In Malaysia, Opposition Leader Anwar’s Daughter in Jail for Sedition

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MY-nurulizzah-620-March2015 Malaysian MP Nurul Izzah Anwar gestures as she leaves the Duta court complex in Kuala Lumpur, Feb. 17, 2015.

The eldest daughter of jailed opposition leader Anwar Ibrahim was spending the night in jail after being arrested Monday for alleged sedition.

MP Nurul Izzah Anwar, vice president of the Parti Keadilan Rakyat (People’s Justice Party), had gone to give police a statement for their investigation into the opposition-led #KitaLawan [#FightBack] rally held in Kuala Lumpur on March 7.

Instead, officers detained her under the Sedition Act over the probe into the rally and also for making "contemptuous remarks that those in the judiciary system had sold their souls to the devil," national police chief Khalid Abu Bakar said in a statement, according to the Associated Press.

Khalid said she would be released once police completed their interrogation.

But Fahmi Fadzil, the party's communications director, accused the police of detaining Nurul Izzah because of a speech that the lawmaker gave in parliament last week, when she spoke out against her father’s imprisonment on a sodomy charge.

“I am extremely angry, and we all should be, because as parliament members we should be free to criticize the government of the day without reprisal,” Nurul Izzah told Agence France-Presse by phone.

Nurul Izzah is the latest to be picked up in the government’s sedition crackdown during the past year, which has seen dozens investigated, charged or convicted, including several top opposition politicians.

The U.S. State Department said it was "deeply concerned" by the detentions under the sedition law of Nurul Izzah as well as other government critics.

"The Malaysian government's recent investigations and charges of sedition against critics raise serious concerns about freedom of expression, rule of law and the independence of the judicial system in Malaysia," departmental spokeswoman Jen Psaki said in a statement.

"To further restrict freedom of expression will only lead to further erosion of important pillars of Malaysia’s democratic system," she added.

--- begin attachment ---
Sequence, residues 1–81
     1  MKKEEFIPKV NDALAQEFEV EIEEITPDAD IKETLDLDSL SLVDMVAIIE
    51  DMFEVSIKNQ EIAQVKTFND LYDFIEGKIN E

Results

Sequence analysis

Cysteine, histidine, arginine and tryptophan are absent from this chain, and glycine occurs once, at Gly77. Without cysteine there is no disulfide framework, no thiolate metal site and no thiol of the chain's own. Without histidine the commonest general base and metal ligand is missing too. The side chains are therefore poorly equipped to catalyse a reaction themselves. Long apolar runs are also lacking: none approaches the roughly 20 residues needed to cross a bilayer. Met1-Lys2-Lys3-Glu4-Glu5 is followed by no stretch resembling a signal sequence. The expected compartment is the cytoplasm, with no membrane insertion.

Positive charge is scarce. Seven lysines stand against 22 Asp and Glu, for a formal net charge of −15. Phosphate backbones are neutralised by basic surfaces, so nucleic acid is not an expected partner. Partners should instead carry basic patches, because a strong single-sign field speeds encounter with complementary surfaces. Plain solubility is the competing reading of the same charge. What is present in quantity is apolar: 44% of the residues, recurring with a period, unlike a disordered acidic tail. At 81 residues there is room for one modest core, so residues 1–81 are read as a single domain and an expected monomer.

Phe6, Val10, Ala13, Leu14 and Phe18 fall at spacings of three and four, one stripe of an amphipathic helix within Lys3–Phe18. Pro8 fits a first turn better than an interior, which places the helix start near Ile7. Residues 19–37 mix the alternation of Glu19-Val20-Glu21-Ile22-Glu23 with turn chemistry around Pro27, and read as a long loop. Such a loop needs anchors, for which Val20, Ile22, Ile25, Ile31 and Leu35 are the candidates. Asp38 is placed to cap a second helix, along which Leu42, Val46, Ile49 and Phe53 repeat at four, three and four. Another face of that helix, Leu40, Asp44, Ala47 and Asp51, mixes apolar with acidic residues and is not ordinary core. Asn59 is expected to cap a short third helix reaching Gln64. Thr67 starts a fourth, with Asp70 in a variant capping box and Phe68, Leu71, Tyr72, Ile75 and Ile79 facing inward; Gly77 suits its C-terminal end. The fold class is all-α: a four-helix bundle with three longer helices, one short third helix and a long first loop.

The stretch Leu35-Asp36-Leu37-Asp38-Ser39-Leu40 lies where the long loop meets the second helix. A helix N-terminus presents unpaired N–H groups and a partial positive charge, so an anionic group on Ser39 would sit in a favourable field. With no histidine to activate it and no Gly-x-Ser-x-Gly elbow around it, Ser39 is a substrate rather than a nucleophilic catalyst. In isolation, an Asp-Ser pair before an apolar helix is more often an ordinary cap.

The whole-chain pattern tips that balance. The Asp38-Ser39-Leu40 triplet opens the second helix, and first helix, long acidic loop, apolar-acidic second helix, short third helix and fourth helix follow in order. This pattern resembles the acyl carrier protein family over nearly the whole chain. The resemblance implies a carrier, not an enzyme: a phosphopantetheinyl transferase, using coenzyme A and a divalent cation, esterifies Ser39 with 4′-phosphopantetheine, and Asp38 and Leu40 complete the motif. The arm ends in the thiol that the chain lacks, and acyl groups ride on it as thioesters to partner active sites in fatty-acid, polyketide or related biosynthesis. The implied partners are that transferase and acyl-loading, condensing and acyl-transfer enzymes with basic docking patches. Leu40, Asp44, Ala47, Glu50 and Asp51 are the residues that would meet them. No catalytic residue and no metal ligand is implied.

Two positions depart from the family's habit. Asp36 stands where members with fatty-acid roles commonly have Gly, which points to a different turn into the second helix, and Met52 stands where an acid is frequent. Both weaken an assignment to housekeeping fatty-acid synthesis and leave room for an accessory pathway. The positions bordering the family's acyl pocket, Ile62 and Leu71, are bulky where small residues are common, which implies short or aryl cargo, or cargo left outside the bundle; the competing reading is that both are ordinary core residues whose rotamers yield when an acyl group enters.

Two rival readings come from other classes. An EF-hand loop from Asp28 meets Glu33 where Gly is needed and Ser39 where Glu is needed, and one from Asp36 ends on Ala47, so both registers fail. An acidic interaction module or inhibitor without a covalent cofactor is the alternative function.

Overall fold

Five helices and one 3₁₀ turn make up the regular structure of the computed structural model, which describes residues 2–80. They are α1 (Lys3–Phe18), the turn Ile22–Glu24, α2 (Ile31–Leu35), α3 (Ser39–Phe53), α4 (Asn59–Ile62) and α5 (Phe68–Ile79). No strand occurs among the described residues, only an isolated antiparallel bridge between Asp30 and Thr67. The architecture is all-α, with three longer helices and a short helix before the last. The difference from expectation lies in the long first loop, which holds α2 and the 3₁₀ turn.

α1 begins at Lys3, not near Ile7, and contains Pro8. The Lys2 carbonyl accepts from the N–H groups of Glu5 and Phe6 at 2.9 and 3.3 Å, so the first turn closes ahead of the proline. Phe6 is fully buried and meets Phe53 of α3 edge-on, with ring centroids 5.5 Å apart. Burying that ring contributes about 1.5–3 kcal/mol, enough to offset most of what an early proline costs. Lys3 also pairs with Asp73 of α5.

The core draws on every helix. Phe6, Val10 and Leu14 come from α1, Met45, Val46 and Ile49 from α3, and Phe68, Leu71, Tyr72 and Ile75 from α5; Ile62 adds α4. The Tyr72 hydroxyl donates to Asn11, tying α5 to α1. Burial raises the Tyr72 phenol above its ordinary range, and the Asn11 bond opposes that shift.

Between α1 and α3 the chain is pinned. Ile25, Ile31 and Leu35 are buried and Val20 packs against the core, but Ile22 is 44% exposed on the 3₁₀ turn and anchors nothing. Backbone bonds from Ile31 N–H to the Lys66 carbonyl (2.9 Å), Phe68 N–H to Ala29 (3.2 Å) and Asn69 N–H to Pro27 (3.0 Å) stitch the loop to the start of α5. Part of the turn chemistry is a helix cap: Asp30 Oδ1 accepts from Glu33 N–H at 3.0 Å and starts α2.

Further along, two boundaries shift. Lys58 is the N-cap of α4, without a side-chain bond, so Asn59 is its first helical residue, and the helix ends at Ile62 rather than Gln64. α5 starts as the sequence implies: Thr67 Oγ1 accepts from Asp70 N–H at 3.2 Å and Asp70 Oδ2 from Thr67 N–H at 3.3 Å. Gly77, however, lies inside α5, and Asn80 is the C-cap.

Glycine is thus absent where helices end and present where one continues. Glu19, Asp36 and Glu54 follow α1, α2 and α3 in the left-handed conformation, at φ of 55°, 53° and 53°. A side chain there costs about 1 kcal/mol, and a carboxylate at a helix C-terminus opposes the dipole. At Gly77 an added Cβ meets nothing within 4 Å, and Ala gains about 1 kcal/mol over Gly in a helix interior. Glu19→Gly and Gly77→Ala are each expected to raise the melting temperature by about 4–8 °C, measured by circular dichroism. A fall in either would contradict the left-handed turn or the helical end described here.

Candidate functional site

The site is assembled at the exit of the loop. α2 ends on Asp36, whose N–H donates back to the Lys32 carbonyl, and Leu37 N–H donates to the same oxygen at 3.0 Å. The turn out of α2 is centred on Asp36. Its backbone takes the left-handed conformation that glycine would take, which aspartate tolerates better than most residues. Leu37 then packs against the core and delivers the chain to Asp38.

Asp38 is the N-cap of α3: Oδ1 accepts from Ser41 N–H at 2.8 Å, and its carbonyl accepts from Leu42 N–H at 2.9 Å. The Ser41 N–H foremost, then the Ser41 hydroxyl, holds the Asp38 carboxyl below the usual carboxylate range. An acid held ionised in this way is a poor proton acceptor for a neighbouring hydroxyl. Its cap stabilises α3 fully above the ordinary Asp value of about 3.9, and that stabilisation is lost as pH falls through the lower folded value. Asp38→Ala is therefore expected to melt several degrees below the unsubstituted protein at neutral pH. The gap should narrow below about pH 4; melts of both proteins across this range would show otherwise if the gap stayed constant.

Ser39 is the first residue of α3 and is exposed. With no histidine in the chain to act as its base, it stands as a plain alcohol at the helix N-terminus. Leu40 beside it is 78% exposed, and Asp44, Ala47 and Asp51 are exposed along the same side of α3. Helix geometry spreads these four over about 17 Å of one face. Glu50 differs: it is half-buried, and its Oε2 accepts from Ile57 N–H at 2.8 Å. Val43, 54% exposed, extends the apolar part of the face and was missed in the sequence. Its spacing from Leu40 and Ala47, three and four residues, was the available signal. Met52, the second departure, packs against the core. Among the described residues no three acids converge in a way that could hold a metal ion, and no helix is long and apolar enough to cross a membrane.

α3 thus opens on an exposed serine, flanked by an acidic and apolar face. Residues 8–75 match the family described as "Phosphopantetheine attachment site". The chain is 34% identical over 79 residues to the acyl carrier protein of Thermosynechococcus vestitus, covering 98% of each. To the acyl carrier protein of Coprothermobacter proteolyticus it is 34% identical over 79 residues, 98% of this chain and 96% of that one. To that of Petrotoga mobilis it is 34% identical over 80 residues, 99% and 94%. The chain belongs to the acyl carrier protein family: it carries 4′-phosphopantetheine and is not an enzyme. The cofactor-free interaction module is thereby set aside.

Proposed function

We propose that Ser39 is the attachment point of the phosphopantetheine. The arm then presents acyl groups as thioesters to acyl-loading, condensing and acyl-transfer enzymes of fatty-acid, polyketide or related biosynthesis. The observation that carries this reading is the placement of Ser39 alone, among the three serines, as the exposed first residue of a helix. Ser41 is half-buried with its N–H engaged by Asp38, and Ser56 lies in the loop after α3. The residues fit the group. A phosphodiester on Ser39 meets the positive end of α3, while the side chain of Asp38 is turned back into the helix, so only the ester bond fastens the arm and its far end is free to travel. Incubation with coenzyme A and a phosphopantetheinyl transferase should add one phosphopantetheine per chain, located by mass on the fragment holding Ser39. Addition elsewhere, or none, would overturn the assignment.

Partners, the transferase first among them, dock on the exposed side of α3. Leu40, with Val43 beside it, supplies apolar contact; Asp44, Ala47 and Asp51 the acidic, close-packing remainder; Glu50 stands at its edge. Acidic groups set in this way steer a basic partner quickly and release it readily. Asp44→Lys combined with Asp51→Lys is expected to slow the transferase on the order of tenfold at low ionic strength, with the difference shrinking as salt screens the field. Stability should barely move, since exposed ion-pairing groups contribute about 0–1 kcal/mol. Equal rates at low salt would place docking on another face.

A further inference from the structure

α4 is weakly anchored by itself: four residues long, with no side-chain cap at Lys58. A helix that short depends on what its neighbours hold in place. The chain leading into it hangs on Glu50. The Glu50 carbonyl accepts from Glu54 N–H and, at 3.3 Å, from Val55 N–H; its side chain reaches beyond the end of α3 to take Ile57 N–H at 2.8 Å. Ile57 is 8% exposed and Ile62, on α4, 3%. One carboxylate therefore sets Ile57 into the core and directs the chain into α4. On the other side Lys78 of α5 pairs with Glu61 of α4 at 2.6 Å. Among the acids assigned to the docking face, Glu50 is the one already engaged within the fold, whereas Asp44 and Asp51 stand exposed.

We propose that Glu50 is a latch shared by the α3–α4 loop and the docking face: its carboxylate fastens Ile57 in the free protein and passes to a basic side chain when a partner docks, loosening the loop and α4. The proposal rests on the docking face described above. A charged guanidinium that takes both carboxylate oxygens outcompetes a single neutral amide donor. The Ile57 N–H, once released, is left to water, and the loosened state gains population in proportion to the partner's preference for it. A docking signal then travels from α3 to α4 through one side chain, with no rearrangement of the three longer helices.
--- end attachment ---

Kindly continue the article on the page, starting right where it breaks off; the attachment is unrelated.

Reacting to Nurul Izzah’s arrest, Human Rights Watch said the Malaysian government was stifling free speech and criminalizing dialogue “that would be a normal part of political discourse in much of the rest of the world.”

Prime Minister Najib Razak and his government were using the Sedition Act like “an axe to hack down opposition politicians, community activists, and any others, who dare speak their minds,” said Phil Robertson, deputy Asia director of the global human rights group.

Immunity for MPs?

Monday’s arrest prompted opposition lawmakers to question the concept of fair comment in the Dewan Rakyat (House of Representatives). N. Surendran, a fellow member of the Pakatan Rakyat opposition bloc, called the sedition investigation “unconstitutional.”

“Article 63(2) of the Federal Constitution confers immunity from any proceedings in court for anything said by an MP in the Dewan Rakyat,” The Star newspaper quoted him as saying.

Malaysia’s government plans to expand the Sedition Act during the current Dewan Rakyat session, Home Minister Ahmad Zahid Hamidi said last week.

The purpose is to help protect the sanctity of Islam and other religions, and to act against those calling for the secession of the East Malaysian states of Sabah and Sarawak, he said.

More sedition arrests

Meanwhile, four men were charged with sedition on Sunday in Kota Kinabalu, the capital of Sabah state, for allegedly possessing materials urging Sabah and Sarawak to leave Malaysia, The Star Online reported.

The materials are linked to the Facebook page “Sabah Sarawak Keluar Malaysia,” which advocates that the two Bornean states leave the federation of Malaysia.

Sabah nationalists have been increasingly discussing secession as people are becoming more aware of poverty, immigration and political issues, such as “Project IC,” which was designed allegedly to change the state’s demographic and electoral roll by issuing identity cards to migrants, The Malaysian Insider reported.

By BenarNews staff with details from news reports.


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